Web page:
The Temptations of Chávez
By Alexandre Adler | La Chronique - Le Figaro
11 May 2005 | The inventors of chaos theory were poets, precisely because they were great mathematicians. Thus, to them we owe the finally famous metaphor, according to which the fluttering of the wings of a butterfly in one part of the world can cause a hurricane on the other side of the planet. Behind this admirable comparison, one must understand that there are complex causalities at work in nature, whereby apparently negligible objects can of their own strength, if introduced into overwhelming mechanisms, have effects incomparable to their own original importance.
International relations are full of examples of this type. As, for example, the operation, at the beginning just a political matter, carried out by the president of the Italian Council, Antonio Giolitti, aiming, after settlement of the Moroccan affair, to give his country a bit of prestige and a window onto the southern Mediterranean, in other words the Italian attack on Libya in 1911, was at the start a very limited affair. But the swift defeat of the Ottoman army by the Italians, in a totally peripheral and well-forgotten province of Constantinople, immediately made patent the weakness of the new Young Turks who had sprung from the liberal revolution of 1908. It would not take a year for the Christian powers of the Balkans to imitate the Italian example, it would not take two years for these same powers to sink their beautiful teeth into the booty to be shared after the fall of Salonica and it would not take three years for the assassination at Sarajevo to happen, as the ultimate consequence of the recovered contentiousness of the Russo Serbian axis and the abysmal life created by an ultimate collapse of the Ottoman Empire that the quite harmless calculations of Italian domestic policy had in fact precipitated.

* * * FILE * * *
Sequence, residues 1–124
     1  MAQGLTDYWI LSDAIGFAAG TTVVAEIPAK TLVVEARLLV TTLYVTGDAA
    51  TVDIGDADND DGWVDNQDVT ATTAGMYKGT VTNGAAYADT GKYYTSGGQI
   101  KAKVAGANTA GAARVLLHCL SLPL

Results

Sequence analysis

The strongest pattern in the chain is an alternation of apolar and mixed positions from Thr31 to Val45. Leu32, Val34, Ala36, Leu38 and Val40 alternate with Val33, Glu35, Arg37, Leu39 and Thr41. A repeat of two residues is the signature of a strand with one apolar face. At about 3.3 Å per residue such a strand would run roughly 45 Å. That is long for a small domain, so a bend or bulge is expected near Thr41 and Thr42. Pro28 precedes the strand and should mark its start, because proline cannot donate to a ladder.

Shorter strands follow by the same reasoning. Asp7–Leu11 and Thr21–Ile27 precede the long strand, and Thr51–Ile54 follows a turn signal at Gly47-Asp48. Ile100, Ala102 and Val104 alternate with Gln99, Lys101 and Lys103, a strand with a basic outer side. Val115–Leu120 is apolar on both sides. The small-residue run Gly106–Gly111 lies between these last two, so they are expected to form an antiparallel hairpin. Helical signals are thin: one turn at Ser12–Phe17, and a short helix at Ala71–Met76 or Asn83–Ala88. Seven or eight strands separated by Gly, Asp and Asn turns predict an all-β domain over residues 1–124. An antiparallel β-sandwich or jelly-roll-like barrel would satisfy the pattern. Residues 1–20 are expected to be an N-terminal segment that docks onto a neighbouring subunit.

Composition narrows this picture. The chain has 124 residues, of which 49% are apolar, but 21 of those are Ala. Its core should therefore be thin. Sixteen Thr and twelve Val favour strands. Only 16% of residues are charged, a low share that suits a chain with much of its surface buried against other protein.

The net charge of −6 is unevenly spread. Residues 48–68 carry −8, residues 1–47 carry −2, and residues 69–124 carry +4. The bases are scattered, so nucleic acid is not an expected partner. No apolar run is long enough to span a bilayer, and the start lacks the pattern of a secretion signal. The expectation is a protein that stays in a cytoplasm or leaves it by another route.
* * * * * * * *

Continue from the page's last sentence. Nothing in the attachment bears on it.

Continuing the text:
In Latin America we are currently on the eve of a situation of this kind, but one begins to imagine metaphors less poetic and more brutal to express here the same catastrophe theory, for example, that the sudden snap of a primate’s jaw can cause a volcanic eruption. The primate or the gorilla, likely recognized already, is the apprentice dictator of Venezuela, Chávez; and the volcanic eruption is, evidently for the first time in its history, a confrontation generalized throughout the continent, one of whose consequences will be new tensions in the markets for oil and raw materials, and the other, the most elaborate preparation for unprecedented geopolitical tensions between China and the United States.
We have, indeed, three contradictory movements that combine somewhere in the Caribbean semicircle between Mexico City and Caracas, and which can lead to greater crisis: first, there is the overture, that is to say, the Cuban succession crisis; second, there is Mexico’s passing the test of party alternation; third, there is the progressive conversion of Chinese economic strategy and its search for an oil-producing autarchy.
Agatha Christie enjoyed saying that our sins cast long shadows. Because Cuba had progressively become an organic component of the Soviet Empire, the same oppositions over there emerged in Poland, Bulgaria or East Germany: a reform-minded police and military allied to a KGB-turned-Gorbachovian looking for the way to reforms while the traditional party apparatus stood opposed. But, far from Moscow, it was the party and Fidel Castro who prevailed.